Is Bankruptcy an Option for You? 4 Snags to Avoid in Your Case
While the decision to file for bankruptcy can be incredibly difficult to make, your work is far from over once you do decide. There are some big no-no's that could halt you in your tracks toward making a fresh financial start, and knowing about these issues ahead of time could pay off in making sure that your chapter 7 filing goes as smoothly as possible. When bankruptcy works, it works wonders, so read to learn more about a few possible snags and how to avoid them.
Bankruptcy codes are being amended constantly, and one big recent change concerns how much money filers make. Since bankruptcy should be viewed as a last resort for those who cannot meet their financial obligations, the law sets income limits for filers. The amount of income you can earn and still file for chapter 7 bankruptcy varies by state and is based on your state's median income.
Your Income Exceeds the Median
You should understand that there are some deductions available that could reduce your income enough to file in your state. For example, if you have extraordinarily high medical bills or an exorbitant mortgage payment to make, you may be able to deduct enough from your income to qualify. You can try your hand at a calculator that determines "means", which can give you an idea of what to expect. Your bankruptcy attorney can also assist you in this so called "means test".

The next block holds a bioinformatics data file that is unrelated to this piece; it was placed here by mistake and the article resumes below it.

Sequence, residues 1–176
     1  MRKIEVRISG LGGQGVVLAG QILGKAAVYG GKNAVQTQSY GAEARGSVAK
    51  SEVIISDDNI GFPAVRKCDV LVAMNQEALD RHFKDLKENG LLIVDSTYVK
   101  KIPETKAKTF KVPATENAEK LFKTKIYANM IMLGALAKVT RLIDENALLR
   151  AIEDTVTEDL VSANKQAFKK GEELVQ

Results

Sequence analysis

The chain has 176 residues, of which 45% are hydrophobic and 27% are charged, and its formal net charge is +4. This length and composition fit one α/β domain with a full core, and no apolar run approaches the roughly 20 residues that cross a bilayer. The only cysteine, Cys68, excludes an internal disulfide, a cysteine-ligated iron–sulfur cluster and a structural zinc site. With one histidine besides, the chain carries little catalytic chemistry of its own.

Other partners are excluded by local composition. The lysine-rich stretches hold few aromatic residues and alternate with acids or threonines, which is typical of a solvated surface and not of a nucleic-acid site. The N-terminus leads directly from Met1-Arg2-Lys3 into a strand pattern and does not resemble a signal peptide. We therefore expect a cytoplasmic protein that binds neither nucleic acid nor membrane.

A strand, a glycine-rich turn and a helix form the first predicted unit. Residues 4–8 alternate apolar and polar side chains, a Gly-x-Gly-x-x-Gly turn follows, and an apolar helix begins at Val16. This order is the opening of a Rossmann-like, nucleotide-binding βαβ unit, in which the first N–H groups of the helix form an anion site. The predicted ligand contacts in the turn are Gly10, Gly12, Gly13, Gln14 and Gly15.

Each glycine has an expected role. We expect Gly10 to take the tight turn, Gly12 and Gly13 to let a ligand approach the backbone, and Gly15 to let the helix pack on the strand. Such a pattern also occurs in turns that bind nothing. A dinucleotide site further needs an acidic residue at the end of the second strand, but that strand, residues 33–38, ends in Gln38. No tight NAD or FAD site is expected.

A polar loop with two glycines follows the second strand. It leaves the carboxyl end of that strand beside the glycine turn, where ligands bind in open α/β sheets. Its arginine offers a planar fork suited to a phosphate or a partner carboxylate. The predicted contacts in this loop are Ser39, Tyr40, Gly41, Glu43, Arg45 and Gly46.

You are allowed to file bankruptcy an unlimited number of times, but there are waiting periods to be observed between filings. Your last bankruptcy must be more than 8 years ago from the discharge date to file for chapter 7 again. If your last filing resulted in a dismissal, you can file again after 180 days. Cases can be dismissed for several reasons, such as failure to attend the required financial education classes, submitting false documents when filing, hiding assets and more.
If you have run afoul of the bankruptcy courts in the past, you should know that you may be banned for life from ever filing again, particularly if you have been convicted of bankruptcy fraud. If you are able to show just cause you may be able to appeal the ban, so speak with a bankruptcy attorney for more information.
If you run up against the above issues or any other potential problems filing your chapter 7 bankruptcy, be sure to speak to a chapter 7 bankruptcy lawyer before you give up hope of getting financial relief.